Stephen Harrison B.Sc. (Hons), M.Sc., MBCS, CITP
Mobile App Stores are all the rage these days. Millions of applications covering a whole manner of genres are available at the tap of a finger. Some are free, and some cost. Also, some are free, but include added features that cost to access.
It is difficult to find any sources online that explains app stores in the way I would like. In addition, the first several pages of search engine returns are all about accessing the app stores themselves.
So, this article is what I would like to see, and I think is full of relevant content. Taking things back to basics, we look at what an app actually is. You could say it is a beginners guide to mobile apps.
Next, we review the different types of mobile apps available today. Collectively, they are known as native apps in the app development world.
We then look at mobile app stores within the context of knowing what an app is and the different types of apps that exist. We'll touch their evolution and other parts of their design that may be more unfamiliar to you.
The free A to Z of performing BIOS updates guide that anyone can follow.
✔ A checklist of important actions to perform throughout the update process.
✔ Further supporting information to aid your update plans.
✔ My unique approach for sourcing the latest BIOS versions for any motherboard manufacturer.
Sign up below for instant access to the guide, or by going to the Subscription page for more details.
I never share information with third parties and your details are secure.
I aim to issue newsletters at the start of each month.
This is probably a basic question for the majority of you reading this article, but is one that, I feel, is worth exploring.
An app is an abbreviated term for an application (or computer program if you are old school). Their modern purpose is to enable your access to services such as e-mail and social media, available on the Internet.
A technology columnist way back in 2009, called David Pogue referred to SmartPhones as 'App Phones', to distinguish them from traditional mobile handsets. The term 'app' appears to have stuck ever since.
Apps either come pre-installed on your tablet or mobile, or are available from mobile app stores (more on these later).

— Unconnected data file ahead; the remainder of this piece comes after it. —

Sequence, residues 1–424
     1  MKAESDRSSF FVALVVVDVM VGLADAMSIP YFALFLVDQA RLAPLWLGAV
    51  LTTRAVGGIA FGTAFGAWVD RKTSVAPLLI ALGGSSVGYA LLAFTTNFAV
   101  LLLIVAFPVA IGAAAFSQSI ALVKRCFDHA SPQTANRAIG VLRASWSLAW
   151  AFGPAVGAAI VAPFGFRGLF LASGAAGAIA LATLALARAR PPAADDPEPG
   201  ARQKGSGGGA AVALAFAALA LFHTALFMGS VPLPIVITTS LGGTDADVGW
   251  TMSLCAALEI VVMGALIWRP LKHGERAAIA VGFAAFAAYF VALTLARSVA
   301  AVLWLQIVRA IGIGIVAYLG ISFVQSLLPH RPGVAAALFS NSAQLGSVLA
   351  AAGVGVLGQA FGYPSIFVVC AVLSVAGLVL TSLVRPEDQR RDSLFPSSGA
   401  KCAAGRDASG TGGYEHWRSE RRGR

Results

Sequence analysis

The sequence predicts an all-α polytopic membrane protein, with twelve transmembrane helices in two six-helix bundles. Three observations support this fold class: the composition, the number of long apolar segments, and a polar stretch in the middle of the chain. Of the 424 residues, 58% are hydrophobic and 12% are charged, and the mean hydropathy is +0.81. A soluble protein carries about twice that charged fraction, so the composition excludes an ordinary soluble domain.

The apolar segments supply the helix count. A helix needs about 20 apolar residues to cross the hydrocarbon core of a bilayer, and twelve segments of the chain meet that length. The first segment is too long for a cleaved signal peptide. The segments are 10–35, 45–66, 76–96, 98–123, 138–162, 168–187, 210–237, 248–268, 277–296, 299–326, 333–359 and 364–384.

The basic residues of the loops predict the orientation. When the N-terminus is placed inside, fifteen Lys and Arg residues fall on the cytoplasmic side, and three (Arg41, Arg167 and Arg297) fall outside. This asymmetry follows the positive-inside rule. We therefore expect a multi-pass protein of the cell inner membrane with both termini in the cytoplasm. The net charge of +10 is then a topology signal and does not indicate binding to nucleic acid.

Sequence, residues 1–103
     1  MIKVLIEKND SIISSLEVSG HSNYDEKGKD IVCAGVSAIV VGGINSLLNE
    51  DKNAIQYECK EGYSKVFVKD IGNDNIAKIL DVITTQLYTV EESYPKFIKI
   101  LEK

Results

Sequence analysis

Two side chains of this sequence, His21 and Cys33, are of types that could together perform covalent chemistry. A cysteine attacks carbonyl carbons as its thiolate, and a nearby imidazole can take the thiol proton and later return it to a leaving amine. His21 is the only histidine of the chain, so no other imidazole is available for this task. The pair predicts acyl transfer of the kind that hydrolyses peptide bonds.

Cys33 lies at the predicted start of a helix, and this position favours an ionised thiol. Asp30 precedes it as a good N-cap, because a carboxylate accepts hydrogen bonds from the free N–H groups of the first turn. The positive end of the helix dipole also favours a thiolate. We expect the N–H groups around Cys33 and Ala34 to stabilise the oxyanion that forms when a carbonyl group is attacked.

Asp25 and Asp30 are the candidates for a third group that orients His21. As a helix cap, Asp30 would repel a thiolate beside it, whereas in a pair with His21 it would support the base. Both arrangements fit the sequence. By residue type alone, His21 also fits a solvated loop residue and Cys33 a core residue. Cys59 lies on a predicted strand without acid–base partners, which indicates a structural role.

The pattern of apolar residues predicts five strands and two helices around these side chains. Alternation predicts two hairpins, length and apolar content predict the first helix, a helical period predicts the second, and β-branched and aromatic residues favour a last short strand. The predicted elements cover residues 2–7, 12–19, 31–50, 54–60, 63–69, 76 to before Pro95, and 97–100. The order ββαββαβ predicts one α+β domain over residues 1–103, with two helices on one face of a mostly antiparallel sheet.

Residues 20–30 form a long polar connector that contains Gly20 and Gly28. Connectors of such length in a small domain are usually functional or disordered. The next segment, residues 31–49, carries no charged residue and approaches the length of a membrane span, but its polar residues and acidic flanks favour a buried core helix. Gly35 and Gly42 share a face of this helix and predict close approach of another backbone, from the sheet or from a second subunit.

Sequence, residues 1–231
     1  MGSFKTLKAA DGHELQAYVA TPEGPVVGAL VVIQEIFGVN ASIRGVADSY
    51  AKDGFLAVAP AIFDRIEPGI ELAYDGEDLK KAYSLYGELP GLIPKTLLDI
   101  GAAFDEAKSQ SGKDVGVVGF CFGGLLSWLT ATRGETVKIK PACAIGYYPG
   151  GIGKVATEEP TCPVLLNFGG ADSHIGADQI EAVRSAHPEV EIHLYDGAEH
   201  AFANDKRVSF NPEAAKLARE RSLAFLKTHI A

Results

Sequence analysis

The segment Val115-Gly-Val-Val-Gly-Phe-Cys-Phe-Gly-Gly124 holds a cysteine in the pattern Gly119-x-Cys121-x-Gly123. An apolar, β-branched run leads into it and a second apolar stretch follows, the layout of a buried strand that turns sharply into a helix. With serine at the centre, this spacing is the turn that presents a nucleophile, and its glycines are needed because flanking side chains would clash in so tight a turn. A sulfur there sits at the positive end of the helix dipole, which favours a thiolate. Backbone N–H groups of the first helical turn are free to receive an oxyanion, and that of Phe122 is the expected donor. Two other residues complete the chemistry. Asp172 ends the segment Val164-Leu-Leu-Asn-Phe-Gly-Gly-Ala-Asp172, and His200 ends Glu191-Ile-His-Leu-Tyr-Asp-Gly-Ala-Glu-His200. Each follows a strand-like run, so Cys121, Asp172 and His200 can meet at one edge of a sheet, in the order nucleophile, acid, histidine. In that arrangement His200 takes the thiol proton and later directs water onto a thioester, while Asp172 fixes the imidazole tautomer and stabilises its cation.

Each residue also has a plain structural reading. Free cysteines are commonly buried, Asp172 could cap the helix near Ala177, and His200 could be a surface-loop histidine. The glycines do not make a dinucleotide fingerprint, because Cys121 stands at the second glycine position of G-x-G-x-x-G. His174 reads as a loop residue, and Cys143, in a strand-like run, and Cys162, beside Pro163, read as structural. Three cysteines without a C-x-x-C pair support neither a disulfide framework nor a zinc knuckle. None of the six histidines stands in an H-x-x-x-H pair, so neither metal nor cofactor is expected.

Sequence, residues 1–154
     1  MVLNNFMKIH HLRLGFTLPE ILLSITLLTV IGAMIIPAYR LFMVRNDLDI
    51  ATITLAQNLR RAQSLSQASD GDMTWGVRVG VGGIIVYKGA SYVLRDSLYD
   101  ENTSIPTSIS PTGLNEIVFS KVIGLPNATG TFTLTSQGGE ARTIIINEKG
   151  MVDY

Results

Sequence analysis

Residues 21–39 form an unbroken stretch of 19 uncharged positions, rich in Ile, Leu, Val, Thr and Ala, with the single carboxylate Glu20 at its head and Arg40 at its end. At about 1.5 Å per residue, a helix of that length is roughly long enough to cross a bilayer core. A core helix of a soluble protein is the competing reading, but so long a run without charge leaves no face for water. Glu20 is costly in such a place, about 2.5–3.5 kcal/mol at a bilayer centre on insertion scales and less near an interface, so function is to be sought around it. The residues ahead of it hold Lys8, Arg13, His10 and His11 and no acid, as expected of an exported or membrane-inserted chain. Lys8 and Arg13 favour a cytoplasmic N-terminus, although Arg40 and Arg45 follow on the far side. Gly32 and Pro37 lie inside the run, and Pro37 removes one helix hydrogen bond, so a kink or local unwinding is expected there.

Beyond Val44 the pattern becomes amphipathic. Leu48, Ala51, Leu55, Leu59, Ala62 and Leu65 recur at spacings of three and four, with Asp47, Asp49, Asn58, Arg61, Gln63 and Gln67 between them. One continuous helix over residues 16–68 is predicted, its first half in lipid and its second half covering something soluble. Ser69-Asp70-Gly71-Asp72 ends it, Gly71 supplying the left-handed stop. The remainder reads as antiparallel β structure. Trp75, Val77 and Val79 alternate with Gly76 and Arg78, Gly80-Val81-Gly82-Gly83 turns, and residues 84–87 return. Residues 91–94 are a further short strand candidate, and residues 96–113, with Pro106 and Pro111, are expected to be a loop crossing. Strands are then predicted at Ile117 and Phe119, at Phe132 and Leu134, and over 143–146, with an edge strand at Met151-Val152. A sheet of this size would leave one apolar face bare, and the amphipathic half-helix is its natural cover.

Tablet devices such as the iPad come with software such as the Safari web browser and an e-mail client already installed. To access Facebook or an entertainment app such as Netflix, you need to download these from the App stores available for your device.
In some cases, you can delete or uninstall apps shipped with your iPadOS or Android device, but not all. Some are integrated in to the operating system and cannot be uninstalled.
The millions of apps available today come with a whole raft of different features; so much that it would be impossible to cover in a single article. However, they do tend to follow a few design rules, some of which you will likely recognize.
Free applications usually come with restricted access to advanced features. For example, the MyFitnessPal app is free, but includes a premium subscription options that unlocks features such as access to fitness plans, workout routines and recipes.
Almost all free apps, or their free features, include advertisements, or ads. These can pop up on your screen at random times, or appear within a news feed, for example.
'Free-to-play' mobile games come with features called 'micro purchases', or micro transactions. This is where you purchase access to different game levels, or buy extra armour, or lives for your character (or avatar).
Don't fall in to the trap of paying for access to premium app features unless you are going to make full use of them. This especially applies to micro purchases. If you have young children consider investing in a secure kids tablet.
It is also worth noting that the majority of modern apps require some form of online connectivity to work properly. You will lose out on the benefits is for whatever reason you do not have a working Internet connection.
Return to the Table of Contents
Modern mobile apps are categorized into three sections, which is based on the programming languages used to develop them.
Native apps are developed for one specific type of operating system. For example, an app can be developed for the Apple iPadOS/iOS, and another app developed for Android devices.
Native applications cannot be installed onto another operating system. For example, an Android app cannot be installed on to an Apple device, and vice versa.
However, some developers write their application to work on different mobile O/S'. They are in fact two different apps, but have the same or similar features and functionality.
This can be costly and time consuming for developers to maintain/ In addition, each update or upgrade requires a full download and reinstall of the entire app. This is something that is often not required on traditional computers.
Sometimes the same app written for two different O/S' can display different, or limited' features compared to their counterpart for the other Operating System, and have a different look and feel.
This in part is down to what the operating system vendors make available in their API's, or Application Programming Interfaces.
Native apps tend to be more reliable and have good performance levels. Because they are customized for a specific O/S, they tend to be more efficient in their use of hardware resources such as memory or CPU cycles.
Web apps can be used on mobile devices, but they can also be used on traditional devices. Web-based apps do not require downloading, but their functionality can be dependent on the type of web browser being used.
For example, some web apps perform much better in one web browser compared to another. Web apps tend not be accessible or usable without an Internet connection.
Then there are hybrid apps. There are simply web apps customized to look and feel like native apps, or traditional desktop apps.
Originally, mobile apps were developed for general information availability and what evolved into productivity tools, such as e-mail, calendars, and apps for weather reports and forecasting.